and Clara Hughes (Canada), ‘Viva sua Paixão’, “Inspire a generation”, Barra, black, blue, Chamonix, Charlotte Cooper, Christa Luding-Rothenburger (East Germany), Copacabana, ddie Eagan (United States), Deodoro, flag, France, green, Jacob Tullin Thams (Norway), London, Maracanã, Maracanã Stadium, Mount Olympus, Olympic Cauldron, Olympic flag, Olympics, Paris, red, rings colors, Rio, Rio 2016, sports, Vinicius, Winter Games, yellow, Zues
It doesn’t seem four years since London hosted the 2012 Olympics, but with Rio starting in style on Friday night, we know it really was.
With nearly a month of badminton, cycling, gymnastics, judo, modern pentathlon rowing, sailing, and so much more happening, we thought we would have a look at some of the facts you might not know about this iconic, global sporting event.
The very first Olympic Games took place over three thousands years ago in 776 B.C.E. The games started as part of a religious festival to honour Zeus, the leader of the Greek gods who lived on Mount Olympus, the highest mountain in Greece.
The modern Olympics however, began in 1896. They were created by the French educator and historian, Pierre de Coubertin. Pierre believed the world would have more of an opportunity for peace if they gathered together to play sports. Nice idea.
Coubertin designed the famous five colour rings that represent the games and stand for North and South America, Africa, Asia, Europe, and Australia.
The Olympic flag, featuring this symbol on a white background, flew for the first time at the Antwerp Games in 1920.
Not many people know this, but every national flag of the world has at least one of the rings colours, blue, black, green, yellow, and red, in it.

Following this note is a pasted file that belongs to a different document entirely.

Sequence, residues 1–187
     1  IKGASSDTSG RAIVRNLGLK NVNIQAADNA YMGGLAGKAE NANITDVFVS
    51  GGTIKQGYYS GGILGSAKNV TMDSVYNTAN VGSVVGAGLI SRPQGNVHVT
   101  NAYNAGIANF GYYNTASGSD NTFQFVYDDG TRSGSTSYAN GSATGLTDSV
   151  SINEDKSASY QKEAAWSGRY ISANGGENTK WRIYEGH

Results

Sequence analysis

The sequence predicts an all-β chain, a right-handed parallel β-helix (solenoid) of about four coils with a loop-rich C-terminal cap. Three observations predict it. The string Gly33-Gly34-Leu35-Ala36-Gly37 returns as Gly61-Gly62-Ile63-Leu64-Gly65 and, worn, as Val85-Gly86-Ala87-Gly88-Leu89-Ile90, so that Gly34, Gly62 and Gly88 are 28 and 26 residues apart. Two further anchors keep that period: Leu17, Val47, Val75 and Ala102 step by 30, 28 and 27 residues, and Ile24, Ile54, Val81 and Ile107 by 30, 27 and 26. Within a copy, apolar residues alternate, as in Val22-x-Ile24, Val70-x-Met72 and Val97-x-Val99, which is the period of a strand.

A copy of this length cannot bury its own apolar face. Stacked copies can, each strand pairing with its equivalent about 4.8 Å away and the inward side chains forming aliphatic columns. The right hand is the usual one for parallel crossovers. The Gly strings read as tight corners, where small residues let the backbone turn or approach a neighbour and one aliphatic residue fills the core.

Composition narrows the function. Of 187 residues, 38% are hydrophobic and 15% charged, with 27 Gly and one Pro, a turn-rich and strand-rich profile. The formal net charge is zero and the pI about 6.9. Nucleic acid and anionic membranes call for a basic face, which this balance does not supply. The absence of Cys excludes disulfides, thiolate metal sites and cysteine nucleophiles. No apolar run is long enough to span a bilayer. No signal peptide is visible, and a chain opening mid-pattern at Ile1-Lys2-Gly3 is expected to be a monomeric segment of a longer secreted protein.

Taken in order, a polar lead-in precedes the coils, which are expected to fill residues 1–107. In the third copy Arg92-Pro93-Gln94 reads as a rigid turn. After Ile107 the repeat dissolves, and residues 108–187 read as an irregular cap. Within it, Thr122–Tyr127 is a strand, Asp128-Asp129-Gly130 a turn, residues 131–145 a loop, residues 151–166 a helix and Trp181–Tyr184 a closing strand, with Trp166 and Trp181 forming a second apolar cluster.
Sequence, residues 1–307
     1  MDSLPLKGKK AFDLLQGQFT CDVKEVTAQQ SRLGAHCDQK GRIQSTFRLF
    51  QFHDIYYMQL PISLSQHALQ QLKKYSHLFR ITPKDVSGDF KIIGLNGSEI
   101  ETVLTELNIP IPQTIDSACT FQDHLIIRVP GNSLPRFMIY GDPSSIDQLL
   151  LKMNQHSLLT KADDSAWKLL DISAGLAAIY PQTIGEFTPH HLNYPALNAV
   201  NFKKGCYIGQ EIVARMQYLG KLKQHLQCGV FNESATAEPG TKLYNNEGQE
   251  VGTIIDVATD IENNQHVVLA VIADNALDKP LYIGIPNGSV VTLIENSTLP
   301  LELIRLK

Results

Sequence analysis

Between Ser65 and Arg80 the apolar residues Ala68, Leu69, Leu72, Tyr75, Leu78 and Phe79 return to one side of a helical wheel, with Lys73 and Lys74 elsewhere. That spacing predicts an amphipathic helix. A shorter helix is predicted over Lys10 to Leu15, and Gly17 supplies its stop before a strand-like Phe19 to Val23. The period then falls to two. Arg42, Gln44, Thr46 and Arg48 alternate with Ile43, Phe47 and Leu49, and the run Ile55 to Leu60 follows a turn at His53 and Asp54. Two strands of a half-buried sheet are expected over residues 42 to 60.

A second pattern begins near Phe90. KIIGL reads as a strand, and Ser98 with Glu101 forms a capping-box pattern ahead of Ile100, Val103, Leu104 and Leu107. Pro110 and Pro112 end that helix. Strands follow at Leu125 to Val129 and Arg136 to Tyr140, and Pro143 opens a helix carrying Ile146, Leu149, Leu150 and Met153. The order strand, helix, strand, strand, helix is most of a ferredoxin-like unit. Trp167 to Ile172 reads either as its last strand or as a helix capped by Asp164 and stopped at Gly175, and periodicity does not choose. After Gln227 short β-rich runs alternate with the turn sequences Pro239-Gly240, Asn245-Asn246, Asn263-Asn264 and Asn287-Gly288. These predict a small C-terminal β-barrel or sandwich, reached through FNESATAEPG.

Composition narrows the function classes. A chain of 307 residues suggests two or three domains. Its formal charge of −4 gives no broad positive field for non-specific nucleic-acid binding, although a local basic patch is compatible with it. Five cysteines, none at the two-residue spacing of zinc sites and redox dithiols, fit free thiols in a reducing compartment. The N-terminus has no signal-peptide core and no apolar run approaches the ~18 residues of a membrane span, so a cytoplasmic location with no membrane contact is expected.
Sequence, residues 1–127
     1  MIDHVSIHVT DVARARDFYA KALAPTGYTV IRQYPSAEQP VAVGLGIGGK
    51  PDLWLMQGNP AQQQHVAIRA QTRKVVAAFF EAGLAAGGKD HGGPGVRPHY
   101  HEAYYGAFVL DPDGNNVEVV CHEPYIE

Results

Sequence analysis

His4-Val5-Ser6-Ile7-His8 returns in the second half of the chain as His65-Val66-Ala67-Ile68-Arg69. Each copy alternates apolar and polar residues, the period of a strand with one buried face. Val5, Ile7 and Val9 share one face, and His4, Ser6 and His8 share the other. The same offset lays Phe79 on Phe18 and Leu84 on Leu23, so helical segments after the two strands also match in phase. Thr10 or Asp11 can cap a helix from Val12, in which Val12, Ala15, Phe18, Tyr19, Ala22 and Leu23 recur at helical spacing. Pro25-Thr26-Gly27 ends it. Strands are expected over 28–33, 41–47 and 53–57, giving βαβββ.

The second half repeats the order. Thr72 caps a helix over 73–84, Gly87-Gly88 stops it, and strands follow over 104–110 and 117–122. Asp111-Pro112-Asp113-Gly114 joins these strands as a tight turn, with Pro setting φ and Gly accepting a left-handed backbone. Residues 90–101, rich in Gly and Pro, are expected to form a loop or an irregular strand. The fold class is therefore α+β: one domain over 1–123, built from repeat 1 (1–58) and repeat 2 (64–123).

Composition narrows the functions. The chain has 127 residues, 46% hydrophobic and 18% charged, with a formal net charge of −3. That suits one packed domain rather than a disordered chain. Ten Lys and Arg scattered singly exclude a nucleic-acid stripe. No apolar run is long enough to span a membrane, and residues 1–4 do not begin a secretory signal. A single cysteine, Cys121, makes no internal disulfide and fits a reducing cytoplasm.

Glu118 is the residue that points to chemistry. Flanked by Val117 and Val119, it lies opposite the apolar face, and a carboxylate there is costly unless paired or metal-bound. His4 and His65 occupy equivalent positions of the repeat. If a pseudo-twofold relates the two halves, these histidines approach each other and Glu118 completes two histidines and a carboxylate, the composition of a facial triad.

The Olympic flame is lit at Olympia in Greece every two years (summer and winter games) before it travels to the next host nation and is paraded until the lighting of the Olympic Cauldron at the opening ceremony.
The 1900 Paris Olympics were the first to allow women to take part, and winners were awarded paintings rather than medals. Charlotte Cooper a tennis player from London, was the first female athlete to win an individual Olympic event at the these games in Paris.
The Olympic Winter Games started in in Chamonix, France in 1923. There were 16 events in six different sports. Team Canada dominated in the ice hockey tournament by scoring a total of 122 goals and only allowing three against them.
Only four athletes have won medals at both the summer and winter games. These were; Eddie Eagan (United States), Jacob Tullin Thams (Norway), Christa Luding-Rothenburger (East Germany), and Clara Hughes (Canada).
The Rio games are happening from 5th to 21st August with both the opening and closing ceremonies taking place in the Maracanã Stadium.
This is the first time the Olympic Games have ever been held in South America and will events will take place in 33 venues across the four areas of Barra, Copacabana, Deodoro and Maracanã.
A staggering 10,500 athletes from 205 countries will take part in 306 competitions in 42 different sports.
There will also be over 300 horses at the games, which is more than enough horses to fill a Grand National field seven times over.
The motto of the London games was ‘Inspire a generation’ and in 2016 it is ‘Viva sua Paixão’ which means ‘Live Your Passion’.
The new mascot is called Vinicius. He is based on a number of different Brazilian animals, and names after Vinicius de Moraes one of Brazil’s most-loved artists.
At Pure-Beauty we are most looking forward to the gymnastics, road cycling and swimming – how about you?